My Last Coyote
That’s him, down there, my masterpiece,
in tatters. That smouldering viscid blitz
of broken yolks dappling the ruddy dust
like early morning shadows on a country lane,
that’s the last sunset of, I almost said, his guts,
the final smattering of what was never more
than a scant smattering. Those linty pearls
and mawkish threads that weep and cling
among the milkweed, waste and ditch,
that’s his lifeblood, that’s his coyote soul.
That wrung-out icteritious sponge?
Why, that’s his heart, that once was steeped
in madder lake. As for that cubist bungle
over there, that hash of leg, bone, hide and ganglia —
those were his parts, with them I made him up,
like a coyote cowboy Frankenstein.
See how he seems arranged
(arraigned, I nearly said) as in a lover’s
last bouquet, a festering blush of petal, sepal,
thorn and stem. That mess is him, who never
missed his mark, or minced his words,
and, of course, me, and what I’ve done
again. My last big misinterpretation. My
supreme work of art. But whether he is
inside-out or outside-in, don’t be alarmed.
How often I beheld the canny likeness
of a protozoa in suspense
eye-dropped onto a slide, only to find
my love, transparent, ruptured, muddled,
wrenched, more convoluted even than
his every doomsday dream.
How fitting, then, how dense, the wild-eyed fur
singed into clumps of umber, mange and wisps
of feeling flesh, the acrid smoke and stench
of all that almost passed for almost wit
I almost said. The all-in-all of him,
down to the last surrendered bitter shred.
In spite of cognisance of which
see how he stipulates and foams and spits
conditions into full-blown, fulsome, loving
threats till he brings down another storm
in clouds that roll their shadows over these,
my fragile fugues of canyon, paintbrush, mesa,
rose bluff, rock cress, butte, plateau.
Where is a landscape I could love more than this?
Its Hammerklavier sunups. Its glowering sets.
Its noons that sheer off cliff drops and dead ends.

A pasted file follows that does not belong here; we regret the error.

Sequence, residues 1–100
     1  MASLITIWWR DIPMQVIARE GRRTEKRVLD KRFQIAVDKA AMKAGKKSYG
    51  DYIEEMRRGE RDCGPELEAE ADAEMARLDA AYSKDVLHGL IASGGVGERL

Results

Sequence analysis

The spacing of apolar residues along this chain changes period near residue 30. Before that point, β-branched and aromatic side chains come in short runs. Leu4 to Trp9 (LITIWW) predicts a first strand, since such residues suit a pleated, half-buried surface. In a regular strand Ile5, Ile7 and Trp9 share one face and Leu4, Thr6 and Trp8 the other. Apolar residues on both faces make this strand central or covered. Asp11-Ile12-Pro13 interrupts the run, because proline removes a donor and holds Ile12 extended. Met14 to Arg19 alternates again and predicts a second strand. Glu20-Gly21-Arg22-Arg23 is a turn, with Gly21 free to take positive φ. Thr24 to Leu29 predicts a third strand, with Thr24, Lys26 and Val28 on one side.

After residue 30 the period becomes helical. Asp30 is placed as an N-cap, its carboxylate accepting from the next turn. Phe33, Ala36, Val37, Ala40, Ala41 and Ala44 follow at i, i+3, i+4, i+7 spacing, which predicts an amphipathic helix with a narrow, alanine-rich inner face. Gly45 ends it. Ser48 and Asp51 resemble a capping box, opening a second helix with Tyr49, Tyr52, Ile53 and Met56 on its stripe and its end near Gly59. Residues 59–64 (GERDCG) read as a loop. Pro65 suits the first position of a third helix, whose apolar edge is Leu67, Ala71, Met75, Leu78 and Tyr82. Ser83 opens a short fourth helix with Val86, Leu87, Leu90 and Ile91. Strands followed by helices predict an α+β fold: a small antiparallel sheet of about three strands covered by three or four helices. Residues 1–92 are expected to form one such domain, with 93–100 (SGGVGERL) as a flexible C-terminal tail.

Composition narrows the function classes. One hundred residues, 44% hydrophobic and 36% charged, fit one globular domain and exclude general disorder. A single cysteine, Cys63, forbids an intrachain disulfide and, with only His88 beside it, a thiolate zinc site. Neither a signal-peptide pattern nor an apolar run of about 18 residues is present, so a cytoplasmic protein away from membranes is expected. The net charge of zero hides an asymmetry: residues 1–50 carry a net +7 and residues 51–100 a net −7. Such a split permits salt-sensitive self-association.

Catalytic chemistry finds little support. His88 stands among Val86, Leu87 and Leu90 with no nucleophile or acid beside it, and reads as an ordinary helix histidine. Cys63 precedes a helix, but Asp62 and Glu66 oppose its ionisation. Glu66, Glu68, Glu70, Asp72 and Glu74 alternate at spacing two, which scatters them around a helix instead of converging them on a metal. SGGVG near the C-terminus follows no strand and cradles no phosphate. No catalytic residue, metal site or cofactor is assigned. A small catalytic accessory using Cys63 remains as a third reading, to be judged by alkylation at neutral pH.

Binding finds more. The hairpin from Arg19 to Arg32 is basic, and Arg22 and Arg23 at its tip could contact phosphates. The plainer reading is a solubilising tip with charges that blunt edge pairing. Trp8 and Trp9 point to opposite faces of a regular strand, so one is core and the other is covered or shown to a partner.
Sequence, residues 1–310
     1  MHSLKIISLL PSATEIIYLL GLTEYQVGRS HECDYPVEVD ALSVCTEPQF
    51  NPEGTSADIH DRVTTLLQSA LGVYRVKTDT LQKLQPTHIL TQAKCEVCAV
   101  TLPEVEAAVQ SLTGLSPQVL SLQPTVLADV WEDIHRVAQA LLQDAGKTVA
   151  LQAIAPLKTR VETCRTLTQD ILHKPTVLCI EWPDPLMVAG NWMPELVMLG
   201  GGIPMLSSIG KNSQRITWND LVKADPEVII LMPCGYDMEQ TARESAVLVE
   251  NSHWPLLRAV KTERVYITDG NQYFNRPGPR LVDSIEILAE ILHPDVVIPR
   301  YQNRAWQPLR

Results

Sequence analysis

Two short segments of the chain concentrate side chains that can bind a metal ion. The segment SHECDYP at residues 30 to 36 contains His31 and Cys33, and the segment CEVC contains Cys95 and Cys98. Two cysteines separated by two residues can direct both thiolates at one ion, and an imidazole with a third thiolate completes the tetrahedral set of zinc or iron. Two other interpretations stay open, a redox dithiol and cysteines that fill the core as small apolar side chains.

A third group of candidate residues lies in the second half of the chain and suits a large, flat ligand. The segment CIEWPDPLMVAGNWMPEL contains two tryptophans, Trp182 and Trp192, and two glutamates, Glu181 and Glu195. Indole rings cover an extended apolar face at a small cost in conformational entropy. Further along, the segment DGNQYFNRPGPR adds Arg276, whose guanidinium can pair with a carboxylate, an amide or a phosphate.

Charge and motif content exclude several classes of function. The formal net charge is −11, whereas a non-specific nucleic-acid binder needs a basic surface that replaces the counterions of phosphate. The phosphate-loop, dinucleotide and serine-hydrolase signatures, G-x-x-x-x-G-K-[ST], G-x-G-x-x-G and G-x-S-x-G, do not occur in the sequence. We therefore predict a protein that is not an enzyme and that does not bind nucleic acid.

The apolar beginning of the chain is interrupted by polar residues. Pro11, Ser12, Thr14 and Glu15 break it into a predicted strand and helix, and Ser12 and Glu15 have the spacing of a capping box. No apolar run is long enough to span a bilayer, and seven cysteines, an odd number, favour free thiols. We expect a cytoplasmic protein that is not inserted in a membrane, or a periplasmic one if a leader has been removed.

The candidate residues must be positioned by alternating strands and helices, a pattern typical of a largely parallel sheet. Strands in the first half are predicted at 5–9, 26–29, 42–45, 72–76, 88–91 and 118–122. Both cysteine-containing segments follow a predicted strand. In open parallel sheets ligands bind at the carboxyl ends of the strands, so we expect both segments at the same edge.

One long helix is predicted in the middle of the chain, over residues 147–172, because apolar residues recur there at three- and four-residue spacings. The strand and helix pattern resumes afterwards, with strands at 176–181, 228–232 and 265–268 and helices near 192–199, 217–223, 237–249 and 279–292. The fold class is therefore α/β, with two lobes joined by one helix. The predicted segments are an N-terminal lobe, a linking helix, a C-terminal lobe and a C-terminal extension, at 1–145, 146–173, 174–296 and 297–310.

The burnished grand formality of these formations
that resemble, nearly, men, frame
vistas deeper and more vast than words,
promise farther than the eye can breathe.
Sweet selenite and darling shale.
Heart-rending dune, the woe of ironstone.
Where solid crystals blaze like unlit stars
and ranges vanish in the heat,
no trick of the perspective, or the rest.
Liane Strauss is the author of Leaving Eden (Salt, 2010) and Frankie, Alfredo, (Donut Press, 2009). Her poems have appeared in Poetry, The Hudson Review, The Iowa Review, The Georgia Review, Cimarron, Boulevard, Prairie Schooner, Poetry Review and Salmagundi, among others. Poetry Daily has published her work and used her Poet’s Pick commentary on John Gower’s version of Pygmalion as part of their annual fund-raising drive. Her first poetry manuscript was shortlisted for the Donald Justice Poetry Prize, the Four Ways Book Prize, the May Swenson Poetry Award and the Robert Penn Warren Poetry Prize Competition.
Selections of her work and commissioned poems have been included in a number of anthologies, including The Art of Wiring, edited by Christopher Reid, and A Poetic Primer for Love and Seduction: Naso Was My Tutor, inspired by Ovid’s Cure for Love. She is also among the guest poets on www.clivejames.com and is currently putting the finishing touches on both a single-themed chapbook entitled All the Ways You Still Remind Me of the Moon and a new full-length poetry manuscript, We’re All Fine. She is the Head of Poetry in Creative Writing at Birkbeck College, University of London.
Featured Image photograph by E.B. Bartels, www.ebbartels.com.